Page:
But the eco-friendly level will not be changed. Based on optimal equation for the eco-friendly level, i.e., we can know that given the elasticity of demand, b, keeps unchanged, when the consumer environ-

mental awareness, t, increase, and the cost parameter of green investment, h, decrease simultaneously, the eco- friendly level will increase. The result imply that if we want to improve the eco-friendly level of products, from the outside, we should improve the environmental awareness of consumers, and the consumer environmental awareness must to be converted to green purchases rather than staying in ideas only; internally, enterprise should continue to improve the green technologies to reduce the cost of producing green products. This also shows that the goal of environmental protection cannot be achieved by one person alone, and it depends on consumers and producers together.

4. Model R-Revenue-Sharing Contract

When decentralized decision-making due to the presence of “double marginalization” effect, causing the level of the operating efficiency of the supply chain is difficult to achieve when the centralized decision-making. However, centralized decision-making is only an ideal situation, often by way of the actual operation of contracts to supply chain system Pareto optimization. Revenue-sharing contract is a contract is a widely used form, which requires the manufacturer to lower the wholesale price to the retailer, but the retailer to sell a certain percentage of revenue sharing with the manufacturer.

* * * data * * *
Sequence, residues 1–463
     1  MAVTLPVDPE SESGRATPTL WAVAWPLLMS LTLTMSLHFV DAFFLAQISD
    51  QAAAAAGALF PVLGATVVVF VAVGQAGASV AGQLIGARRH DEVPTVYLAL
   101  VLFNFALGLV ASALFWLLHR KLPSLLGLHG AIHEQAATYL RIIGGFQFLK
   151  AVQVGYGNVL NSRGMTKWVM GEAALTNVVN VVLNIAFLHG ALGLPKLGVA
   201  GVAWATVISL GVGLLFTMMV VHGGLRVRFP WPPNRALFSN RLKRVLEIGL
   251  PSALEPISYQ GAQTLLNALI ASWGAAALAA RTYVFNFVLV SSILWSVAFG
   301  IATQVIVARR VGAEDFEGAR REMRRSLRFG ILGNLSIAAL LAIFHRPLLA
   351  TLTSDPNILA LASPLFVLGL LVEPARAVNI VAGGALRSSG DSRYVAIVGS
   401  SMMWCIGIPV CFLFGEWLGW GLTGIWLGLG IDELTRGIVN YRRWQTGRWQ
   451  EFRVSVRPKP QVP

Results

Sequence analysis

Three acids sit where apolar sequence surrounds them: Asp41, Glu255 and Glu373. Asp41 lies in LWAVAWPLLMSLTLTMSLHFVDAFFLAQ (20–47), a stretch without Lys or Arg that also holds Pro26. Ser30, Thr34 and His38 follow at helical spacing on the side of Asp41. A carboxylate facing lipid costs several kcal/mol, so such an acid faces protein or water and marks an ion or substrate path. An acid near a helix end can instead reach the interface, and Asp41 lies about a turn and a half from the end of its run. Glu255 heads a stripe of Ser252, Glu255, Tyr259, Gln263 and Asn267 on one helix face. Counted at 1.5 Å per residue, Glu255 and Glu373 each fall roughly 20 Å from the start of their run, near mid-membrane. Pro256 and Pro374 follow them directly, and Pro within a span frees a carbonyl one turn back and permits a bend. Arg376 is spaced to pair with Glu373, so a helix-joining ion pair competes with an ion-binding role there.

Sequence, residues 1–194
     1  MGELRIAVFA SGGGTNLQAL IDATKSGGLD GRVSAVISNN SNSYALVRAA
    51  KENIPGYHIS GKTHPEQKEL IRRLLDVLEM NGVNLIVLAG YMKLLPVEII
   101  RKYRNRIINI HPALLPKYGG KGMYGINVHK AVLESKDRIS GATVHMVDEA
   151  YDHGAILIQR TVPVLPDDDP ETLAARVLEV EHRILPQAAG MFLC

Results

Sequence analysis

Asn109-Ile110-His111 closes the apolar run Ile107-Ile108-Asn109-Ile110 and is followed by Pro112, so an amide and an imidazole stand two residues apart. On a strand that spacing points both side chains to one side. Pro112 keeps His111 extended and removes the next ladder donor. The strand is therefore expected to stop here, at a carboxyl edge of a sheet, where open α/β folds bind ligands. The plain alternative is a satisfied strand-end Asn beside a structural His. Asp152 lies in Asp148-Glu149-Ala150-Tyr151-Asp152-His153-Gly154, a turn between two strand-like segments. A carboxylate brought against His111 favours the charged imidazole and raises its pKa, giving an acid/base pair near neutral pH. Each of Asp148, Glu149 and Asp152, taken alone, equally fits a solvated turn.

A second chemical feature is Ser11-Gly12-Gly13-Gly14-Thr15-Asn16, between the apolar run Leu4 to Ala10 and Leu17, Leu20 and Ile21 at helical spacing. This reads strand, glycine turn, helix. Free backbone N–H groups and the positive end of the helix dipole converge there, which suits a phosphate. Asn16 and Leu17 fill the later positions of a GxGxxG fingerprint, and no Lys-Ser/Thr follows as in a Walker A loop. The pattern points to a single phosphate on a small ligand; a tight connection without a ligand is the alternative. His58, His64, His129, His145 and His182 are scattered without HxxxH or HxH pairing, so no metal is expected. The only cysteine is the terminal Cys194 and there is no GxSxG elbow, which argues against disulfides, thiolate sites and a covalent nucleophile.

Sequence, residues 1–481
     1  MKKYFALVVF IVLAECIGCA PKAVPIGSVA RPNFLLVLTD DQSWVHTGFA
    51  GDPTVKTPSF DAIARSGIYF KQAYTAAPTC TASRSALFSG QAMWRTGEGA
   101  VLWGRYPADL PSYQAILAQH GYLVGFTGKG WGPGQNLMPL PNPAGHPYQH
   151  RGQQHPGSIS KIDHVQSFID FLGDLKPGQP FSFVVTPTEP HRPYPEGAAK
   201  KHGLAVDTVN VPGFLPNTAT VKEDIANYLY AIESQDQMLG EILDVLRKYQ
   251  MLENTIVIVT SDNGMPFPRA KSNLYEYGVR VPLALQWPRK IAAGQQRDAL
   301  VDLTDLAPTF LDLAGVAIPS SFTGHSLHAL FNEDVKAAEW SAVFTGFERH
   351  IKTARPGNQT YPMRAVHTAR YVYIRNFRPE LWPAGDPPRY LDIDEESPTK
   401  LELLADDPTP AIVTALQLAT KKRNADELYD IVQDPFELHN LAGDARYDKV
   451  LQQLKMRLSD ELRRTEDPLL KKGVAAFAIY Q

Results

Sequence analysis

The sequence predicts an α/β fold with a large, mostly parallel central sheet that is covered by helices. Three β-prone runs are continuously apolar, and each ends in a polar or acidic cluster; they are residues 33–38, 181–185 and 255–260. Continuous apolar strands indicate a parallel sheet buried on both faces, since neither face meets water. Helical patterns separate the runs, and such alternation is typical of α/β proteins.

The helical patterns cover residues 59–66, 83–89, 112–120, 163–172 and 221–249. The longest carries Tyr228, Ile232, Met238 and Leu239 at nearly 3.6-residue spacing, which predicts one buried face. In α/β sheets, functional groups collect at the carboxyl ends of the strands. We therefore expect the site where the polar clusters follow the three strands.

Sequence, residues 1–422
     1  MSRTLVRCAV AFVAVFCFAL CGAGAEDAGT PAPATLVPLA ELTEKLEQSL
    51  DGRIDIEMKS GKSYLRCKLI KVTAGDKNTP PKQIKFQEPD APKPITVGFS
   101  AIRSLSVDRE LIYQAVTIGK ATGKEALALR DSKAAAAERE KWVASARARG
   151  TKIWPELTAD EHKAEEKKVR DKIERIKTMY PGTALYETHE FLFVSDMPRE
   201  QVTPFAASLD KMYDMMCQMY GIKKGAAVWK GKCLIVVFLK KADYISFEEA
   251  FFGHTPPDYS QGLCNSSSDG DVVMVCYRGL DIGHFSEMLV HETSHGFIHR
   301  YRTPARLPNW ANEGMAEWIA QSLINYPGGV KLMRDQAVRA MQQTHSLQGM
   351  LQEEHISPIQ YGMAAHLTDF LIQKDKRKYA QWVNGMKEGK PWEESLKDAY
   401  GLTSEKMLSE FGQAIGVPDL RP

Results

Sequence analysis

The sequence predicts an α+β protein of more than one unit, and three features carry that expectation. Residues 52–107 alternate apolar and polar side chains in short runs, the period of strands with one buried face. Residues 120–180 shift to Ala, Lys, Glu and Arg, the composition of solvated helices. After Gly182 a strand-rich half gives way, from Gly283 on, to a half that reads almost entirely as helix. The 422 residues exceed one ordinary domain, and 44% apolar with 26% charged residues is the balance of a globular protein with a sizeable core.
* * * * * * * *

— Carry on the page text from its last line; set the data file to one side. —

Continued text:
Thus, the function of the manufacturer and the retailer can be stated as:

(14)

(15)

Proposition 3. There exists a unique solution to the model R-revenue sharing contract model.

The optimal decision for the manufacturer is:

(16)

(17)

(18)

The optimal decision for the retailer is:

(19)

Profits of the manufacturer, the retailer and the CSCL are:

(20)

(21)

Theorem 5. In order to ensure the smooth implementation of revenue-sharing contract, it must also ensure that profits of the manufacturer and the retailer in model R are not less than profits they can get in decentralized

decision-making model, i.e., and, thus we can solve fluctuation range of sharing factor, y:

where.

5. Numerical Examples

In this section, we analyze the return rate, eco-friendly level, retail price, and the profits of decision-makers in three decision-making models, and further analyze the impact of revenue sharing factor on the profits of manu-

facturer and the retailer by a numerical example. We assume the parameters as follows:, , , , , , ,.